Microprocessors are having a profound impact in intelligent consumer electronic devices. Recognizing this, Sun Microsystems in 1991 funded an internal corporate research project code-named Green. The project resulted in the development of a C++-based language that its creator, James Gosling, called Oak after an oak tree outside his window at Sun. It was later discovered that there already was a computer language called Oak. When a group of Sun people visited a local coffee shop, the name Java was suggested and it stuck.
The Green project ran into some difficulties. The marketplace for intelligent consumer electronic devices did not develop in the early 1990s as quickly as Sun had anticipated. The project was in danger of being canceled. By sheer good fortune, the World Wide Web exploded in popularity in 1993, and Sun saw the immediate potential of using Java to add dynamic content (e.g., interactivity, animations and the like) to Web pages. This breathed new life into the project.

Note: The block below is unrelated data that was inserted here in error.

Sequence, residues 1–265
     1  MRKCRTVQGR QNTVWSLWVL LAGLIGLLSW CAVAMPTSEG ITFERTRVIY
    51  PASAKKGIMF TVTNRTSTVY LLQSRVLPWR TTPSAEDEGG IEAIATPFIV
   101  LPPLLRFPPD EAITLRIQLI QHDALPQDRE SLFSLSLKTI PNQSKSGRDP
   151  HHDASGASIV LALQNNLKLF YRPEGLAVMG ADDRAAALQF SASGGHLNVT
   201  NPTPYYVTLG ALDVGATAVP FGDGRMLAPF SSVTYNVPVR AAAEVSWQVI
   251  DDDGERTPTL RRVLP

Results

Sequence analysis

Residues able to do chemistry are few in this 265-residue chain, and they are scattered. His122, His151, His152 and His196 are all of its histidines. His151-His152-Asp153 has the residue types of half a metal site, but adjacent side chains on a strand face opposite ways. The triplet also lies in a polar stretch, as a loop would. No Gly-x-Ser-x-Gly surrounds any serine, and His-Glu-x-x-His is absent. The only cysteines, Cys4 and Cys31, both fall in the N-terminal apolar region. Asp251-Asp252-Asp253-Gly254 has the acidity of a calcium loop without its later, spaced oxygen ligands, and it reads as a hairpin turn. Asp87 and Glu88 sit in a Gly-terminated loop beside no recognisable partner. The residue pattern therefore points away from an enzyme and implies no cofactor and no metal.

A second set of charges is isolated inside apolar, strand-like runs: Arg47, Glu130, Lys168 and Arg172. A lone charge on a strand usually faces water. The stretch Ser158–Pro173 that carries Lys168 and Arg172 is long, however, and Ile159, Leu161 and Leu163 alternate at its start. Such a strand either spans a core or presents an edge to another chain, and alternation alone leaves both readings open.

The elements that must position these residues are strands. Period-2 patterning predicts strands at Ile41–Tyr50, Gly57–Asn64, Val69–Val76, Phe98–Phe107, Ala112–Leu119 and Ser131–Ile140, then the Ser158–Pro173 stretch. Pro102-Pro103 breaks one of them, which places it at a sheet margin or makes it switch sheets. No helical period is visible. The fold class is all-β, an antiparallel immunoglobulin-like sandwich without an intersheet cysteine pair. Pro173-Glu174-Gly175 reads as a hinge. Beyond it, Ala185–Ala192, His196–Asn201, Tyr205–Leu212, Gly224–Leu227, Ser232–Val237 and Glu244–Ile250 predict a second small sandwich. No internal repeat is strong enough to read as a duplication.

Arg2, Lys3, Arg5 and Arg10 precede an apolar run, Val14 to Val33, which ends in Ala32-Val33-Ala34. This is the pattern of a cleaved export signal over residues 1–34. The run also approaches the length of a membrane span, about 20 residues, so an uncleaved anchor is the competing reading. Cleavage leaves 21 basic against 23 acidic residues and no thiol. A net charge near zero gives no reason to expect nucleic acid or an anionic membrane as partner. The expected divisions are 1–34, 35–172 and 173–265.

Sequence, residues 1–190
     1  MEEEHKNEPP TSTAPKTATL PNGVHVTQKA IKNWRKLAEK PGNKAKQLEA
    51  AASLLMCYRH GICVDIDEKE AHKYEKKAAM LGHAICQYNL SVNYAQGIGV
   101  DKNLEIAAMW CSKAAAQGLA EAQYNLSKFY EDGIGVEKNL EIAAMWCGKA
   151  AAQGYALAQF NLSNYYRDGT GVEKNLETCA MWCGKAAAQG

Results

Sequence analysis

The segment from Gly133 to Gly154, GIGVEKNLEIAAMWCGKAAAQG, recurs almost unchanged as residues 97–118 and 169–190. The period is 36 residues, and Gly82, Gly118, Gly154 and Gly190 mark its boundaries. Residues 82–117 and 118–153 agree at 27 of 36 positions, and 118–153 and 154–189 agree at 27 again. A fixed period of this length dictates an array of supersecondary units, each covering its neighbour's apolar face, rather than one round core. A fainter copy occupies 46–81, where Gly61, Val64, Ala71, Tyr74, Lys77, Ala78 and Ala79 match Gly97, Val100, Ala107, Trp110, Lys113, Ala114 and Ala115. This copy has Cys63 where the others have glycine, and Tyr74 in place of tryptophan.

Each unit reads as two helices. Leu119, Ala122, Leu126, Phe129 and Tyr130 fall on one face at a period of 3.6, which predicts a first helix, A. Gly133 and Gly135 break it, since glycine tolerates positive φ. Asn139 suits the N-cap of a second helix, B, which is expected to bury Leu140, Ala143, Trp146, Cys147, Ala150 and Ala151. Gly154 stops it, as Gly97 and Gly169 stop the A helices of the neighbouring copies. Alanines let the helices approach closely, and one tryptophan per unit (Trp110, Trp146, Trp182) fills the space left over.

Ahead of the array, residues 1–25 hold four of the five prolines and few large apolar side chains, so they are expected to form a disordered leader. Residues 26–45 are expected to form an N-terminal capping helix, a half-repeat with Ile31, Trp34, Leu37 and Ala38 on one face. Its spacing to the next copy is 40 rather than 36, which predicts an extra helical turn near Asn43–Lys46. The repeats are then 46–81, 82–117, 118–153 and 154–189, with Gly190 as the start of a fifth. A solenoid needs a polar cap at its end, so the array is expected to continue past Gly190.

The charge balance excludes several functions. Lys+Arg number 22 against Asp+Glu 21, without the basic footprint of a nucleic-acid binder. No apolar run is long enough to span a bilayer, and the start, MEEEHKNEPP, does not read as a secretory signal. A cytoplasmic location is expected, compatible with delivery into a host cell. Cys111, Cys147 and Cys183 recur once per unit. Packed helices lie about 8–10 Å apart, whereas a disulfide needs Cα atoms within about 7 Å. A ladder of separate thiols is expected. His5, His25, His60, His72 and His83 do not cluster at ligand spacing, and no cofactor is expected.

Sun formally announced Java in 1995. Java generated immediate interest in the business community because of the phenomenal success of the World Wide Web. Java is now used to develop large-scale enterprise applications, to enhance the functionality of Web servers (the computers that provide the content we see in our Web browsers), to provide applications for consumer devices (such as cell phones, pagers and personal digital assistants) and for many other purposes. Current versions of C++, such as Microsoft®'s Visual C++® .NET and Borland®'s C++Builder™, have similar capabilities.